A workout program started in prison has turned into a successful business training more than 200 formerly incarcerated people as physical trainers.
CNN Hero Hector Guadalupe
“They start at $35 an hour, top out at $80 an hour. Full corporate benefits,” said Hector Guadalupe, founder of A Second U Foundation. “When you provide people with livable wages, they’re able to feed their families …. and be productive members of society.”
Guadalupe spent 10 years in prison for drug trafficking. While there he became obsessed with fitness.
Guadalupe changed his life, and achieved certification as a personal trainer, a CNN story reported in May.
A University of Michigan study in 2018 stated that more than one in four formerly incarcerated individuals have difficulty securing meaningful work. It reported around 80% of those who find employment earn less than $15,000 their first year in society. The statistics further show at least half of formerly incarcerated in federal facilities reoffend.
When he was released, Guadalupe said, “Six days out of the week, I’m literally at every corporate club… filling out applications. Nobody was calling me back… and I knew why: because of my past … But I didn’t give up.”
The result: A Second U Foundation, a New York organization that helps formerly incarcerated men and women become certified as personal trainers. That enables them to build careers in the fitness industry.
One of Guadalupe’s students was Joel Ramsey. His father died before he was born and his mother died when he was 15. Ramsey hooked up with the wrong crowd, which led him to a federal facility.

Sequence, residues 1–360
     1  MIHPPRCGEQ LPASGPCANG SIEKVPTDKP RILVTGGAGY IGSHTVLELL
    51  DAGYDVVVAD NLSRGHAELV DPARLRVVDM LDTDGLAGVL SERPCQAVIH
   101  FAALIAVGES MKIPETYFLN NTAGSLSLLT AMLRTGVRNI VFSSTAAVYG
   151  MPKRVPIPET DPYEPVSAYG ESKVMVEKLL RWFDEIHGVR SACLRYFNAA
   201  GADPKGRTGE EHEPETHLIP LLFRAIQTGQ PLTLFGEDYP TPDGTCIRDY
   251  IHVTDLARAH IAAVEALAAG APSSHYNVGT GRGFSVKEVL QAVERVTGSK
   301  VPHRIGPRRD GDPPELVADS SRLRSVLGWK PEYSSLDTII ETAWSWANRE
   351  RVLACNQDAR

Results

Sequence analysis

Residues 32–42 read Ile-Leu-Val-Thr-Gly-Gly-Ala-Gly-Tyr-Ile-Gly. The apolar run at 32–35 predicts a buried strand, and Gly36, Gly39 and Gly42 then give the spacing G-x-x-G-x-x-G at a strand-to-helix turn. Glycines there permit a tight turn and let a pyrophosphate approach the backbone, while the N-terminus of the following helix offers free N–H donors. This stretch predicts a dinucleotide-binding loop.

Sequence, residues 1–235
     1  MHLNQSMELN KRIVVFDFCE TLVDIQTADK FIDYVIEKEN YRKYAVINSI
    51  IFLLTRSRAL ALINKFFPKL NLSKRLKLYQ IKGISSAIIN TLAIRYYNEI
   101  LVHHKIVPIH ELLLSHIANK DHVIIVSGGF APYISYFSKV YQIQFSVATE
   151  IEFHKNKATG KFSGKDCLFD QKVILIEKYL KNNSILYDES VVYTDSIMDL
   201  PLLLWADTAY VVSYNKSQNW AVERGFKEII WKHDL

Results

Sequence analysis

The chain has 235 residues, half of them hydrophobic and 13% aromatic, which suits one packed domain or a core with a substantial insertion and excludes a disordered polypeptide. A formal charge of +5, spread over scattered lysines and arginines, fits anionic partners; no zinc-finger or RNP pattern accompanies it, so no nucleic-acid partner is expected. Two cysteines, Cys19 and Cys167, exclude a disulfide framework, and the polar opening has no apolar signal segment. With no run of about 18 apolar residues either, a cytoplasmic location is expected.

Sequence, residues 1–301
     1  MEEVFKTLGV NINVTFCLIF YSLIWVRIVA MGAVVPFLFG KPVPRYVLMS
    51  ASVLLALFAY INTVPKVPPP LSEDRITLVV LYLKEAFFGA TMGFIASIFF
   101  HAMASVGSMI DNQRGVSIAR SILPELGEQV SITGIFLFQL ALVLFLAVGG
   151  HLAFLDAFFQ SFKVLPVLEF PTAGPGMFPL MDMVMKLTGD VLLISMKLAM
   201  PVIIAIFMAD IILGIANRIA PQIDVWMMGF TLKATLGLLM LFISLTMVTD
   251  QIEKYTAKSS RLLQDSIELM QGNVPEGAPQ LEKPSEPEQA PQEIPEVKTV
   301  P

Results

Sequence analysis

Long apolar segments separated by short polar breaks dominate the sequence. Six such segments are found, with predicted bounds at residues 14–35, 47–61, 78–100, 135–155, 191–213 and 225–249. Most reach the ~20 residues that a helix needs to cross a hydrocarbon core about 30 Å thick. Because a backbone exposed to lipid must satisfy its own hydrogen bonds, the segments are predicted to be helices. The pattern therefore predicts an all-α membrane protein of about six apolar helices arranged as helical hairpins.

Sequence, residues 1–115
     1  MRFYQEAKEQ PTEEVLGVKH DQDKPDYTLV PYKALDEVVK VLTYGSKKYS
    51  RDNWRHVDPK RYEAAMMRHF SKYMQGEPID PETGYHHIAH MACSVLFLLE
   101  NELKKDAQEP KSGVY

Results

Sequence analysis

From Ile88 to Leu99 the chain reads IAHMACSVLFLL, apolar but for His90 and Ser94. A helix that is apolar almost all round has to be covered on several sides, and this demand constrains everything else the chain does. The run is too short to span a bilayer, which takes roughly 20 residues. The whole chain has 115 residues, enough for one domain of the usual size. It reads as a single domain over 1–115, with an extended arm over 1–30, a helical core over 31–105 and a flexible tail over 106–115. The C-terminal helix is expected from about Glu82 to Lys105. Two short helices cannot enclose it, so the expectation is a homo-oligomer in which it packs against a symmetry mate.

“I was in a cell by myself and I just had a self-talk. And I’m like, ‘Damn, I’m here again.’… I just made a decision that this was the last time,” said Ramsey.
“Fitness — it got me through my time in prison” Ramsey said, “I knew how to work out, but I didn’t know the science behind everything.”
After being released, he joined the Second U Foundation training.
“The program was intense,” Ramsey said. “It was like studying to be a doctor.”
The program is free of cost. It is run by a team of volunteers and lasts eight weeks. The average class size is from 10-15 students, who are provided a $1,300 stipend, new clothing and transportation. They’re also given software classes and a free computer tablet with a keyboard.
The program assists participants in passing the national fitness certification. It includes teaching kinesiology, bone structure, and anatomy.
Of the more than 200 graduates since 2016, less than 1% have reoffended.